On her debut solo album, Broadway veteran Dorothy Loudon performs a set of theater songs she was too young to do on stage. The exceptions are the title song, from Follies, which she sang memorably at the 1984 Tony Awards show, and "Bobo's" from The Act. The rest of the album consists of material from the 1920s, '30s, and '40s, written by the classic songwriters of the day -- DeSylva, Brown and Henderson, Porter, Berlin, Arlen and Mercer, Rodgers and Hart, and Gershwin. As much an actress as a singer, Loudon invests the lyrics with character and sings in a voice that can have the honeyed tones of a Barbara Cook, but can also descend into the raspy, nearly spoken tones of an Elaine Stritch. Loudon was appearing in top nightclubs by the late 1950s, long before her triumphs in Broadway musicals of the 1970s, and this is an excellent forum for her talents.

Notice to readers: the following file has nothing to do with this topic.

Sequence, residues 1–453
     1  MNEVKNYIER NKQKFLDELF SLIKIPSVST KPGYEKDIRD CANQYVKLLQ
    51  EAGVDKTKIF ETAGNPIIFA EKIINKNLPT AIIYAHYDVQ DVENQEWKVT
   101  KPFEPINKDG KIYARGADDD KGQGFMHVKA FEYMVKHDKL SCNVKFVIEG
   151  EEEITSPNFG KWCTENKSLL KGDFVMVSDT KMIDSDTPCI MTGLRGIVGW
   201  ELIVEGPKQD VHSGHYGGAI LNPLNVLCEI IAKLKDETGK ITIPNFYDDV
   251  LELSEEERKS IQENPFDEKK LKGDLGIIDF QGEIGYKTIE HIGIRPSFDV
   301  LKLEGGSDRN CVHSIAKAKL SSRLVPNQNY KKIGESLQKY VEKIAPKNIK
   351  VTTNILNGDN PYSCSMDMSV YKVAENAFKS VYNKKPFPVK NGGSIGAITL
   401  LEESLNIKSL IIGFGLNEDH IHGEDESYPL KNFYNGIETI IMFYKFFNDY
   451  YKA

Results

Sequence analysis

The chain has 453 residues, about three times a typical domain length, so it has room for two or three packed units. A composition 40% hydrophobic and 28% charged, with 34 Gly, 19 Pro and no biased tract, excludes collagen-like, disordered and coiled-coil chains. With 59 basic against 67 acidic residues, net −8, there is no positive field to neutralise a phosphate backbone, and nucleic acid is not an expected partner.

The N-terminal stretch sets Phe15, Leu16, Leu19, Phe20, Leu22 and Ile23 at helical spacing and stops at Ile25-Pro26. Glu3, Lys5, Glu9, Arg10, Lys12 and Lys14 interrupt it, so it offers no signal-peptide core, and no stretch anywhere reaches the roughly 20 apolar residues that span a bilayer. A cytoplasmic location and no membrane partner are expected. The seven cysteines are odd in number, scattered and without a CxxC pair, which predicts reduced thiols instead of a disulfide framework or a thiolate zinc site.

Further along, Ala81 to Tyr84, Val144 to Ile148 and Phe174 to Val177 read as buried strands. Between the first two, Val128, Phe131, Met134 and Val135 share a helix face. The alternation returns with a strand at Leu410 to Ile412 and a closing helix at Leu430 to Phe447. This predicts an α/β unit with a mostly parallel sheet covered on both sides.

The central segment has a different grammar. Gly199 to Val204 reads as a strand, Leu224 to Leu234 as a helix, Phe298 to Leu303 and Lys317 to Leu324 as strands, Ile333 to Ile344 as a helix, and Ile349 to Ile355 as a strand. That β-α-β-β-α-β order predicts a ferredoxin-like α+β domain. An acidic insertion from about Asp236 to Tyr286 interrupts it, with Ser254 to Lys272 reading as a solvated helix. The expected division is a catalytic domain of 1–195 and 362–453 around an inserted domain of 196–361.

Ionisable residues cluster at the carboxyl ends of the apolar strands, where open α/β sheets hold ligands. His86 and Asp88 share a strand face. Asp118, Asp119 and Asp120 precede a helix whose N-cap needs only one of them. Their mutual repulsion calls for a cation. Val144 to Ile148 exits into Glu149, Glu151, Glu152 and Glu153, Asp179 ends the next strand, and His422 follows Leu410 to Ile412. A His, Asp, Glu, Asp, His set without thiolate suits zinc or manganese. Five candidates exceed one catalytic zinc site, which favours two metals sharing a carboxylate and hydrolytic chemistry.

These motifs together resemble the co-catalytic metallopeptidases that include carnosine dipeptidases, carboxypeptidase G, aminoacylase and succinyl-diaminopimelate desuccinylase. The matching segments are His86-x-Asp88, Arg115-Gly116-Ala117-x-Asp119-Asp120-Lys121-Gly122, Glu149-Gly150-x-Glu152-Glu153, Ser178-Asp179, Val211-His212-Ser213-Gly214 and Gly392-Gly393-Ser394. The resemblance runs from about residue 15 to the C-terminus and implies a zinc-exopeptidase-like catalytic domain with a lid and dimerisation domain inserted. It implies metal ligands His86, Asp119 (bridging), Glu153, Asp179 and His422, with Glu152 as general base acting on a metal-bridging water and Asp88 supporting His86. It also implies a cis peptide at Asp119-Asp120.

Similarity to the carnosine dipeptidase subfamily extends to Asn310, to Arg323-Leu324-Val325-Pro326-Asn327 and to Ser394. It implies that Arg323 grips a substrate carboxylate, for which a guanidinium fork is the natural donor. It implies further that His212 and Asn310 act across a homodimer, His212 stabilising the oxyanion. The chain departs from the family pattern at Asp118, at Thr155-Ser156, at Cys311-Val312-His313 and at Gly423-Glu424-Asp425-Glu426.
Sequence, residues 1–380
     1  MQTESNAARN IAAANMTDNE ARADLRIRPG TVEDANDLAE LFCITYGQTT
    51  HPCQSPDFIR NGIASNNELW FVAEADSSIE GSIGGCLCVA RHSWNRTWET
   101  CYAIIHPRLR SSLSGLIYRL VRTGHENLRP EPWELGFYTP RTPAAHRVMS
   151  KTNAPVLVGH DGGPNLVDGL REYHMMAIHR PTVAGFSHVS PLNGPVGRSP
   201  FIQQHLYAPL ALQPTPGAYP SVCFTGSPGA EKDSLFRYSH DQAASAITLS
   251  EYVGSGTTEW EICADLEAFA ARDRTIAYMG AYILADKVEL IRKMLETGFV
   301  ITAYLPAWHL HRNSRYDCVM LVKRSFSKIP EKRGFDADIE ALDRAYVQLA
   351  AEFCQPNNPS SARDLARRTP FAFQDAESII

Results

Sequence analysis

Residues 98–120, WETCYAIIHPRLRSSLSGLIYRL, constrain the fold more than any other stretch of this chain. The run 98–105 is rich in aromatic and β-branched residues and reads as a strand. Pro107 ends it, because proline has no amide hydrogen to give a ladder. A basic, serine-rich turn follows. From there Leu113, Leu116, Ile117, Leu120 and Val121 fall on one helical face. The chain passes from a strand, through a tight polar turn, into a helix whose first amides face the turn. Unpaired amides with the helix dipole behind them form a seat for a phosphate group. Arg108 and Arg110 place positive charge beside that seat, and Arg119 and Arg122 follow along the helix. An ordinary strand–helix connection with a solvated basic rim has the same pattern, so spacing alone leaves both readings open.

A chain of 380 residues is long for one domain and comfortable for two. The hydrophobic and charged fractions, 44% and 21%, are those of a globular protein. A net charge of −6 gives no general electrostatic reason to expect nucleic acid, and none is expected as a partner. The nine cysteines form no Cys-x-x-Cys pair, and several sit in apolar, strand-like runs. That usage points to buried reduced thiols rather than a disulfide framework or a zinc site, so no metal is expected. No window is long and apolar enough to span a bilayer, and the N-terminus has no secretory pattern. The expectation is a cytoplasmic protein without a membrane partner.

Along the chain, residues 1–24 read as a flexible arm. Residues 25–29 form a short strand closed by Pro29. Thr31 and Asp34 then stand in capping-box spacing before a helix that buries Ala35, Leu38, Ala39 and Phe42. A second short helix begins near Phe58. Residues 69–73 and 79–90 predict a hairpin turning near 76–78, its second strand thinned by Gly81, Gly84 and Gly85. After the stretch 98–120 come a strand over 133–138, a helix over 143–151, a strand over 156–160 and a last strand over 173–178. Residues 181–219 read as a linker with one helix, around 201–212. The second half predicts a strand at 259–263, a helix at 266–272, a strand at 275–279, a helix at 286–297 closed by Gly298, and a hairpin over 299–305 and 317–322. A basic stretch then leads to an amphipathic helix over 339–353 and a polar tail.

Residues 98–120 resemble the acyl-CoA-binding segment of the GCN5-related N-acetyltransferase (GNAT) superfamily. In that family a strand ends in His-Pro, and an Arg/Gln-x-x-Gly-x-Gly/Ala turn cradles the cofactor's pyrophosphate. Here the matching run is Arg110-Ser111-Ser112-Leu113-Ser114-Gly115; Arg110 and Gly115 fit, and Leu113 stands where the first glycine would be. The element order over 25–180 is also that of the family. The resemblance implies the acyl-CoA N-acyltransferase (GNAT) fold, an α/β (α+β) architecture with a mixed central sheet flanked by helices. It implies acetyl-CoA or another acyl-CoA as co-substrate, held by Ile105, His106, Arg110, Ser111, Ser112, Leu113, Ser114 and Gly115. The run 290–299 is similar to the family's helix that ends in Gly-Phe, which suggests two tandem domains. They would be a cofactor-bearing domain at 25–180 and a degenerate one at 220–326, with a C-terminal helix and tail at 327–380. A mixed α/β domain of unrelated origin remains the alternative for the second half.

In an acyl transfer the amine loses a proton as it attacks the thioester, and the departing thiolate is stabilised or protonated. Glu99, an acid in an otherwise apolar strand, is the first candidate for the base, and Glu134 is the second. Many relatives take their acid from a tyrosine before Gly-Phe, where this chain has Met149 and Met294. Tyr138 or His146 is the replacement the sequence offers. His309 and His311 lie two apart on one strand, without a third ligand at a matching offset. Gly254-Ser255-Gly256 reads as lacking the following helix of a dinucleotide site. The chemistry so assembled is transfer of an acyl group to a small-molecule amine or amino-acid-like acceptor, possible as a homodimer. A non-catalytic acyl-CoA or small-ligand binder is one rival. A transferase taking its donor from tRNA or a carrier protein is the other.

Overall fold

Share this page
AllMusic Review by William Ruhlmann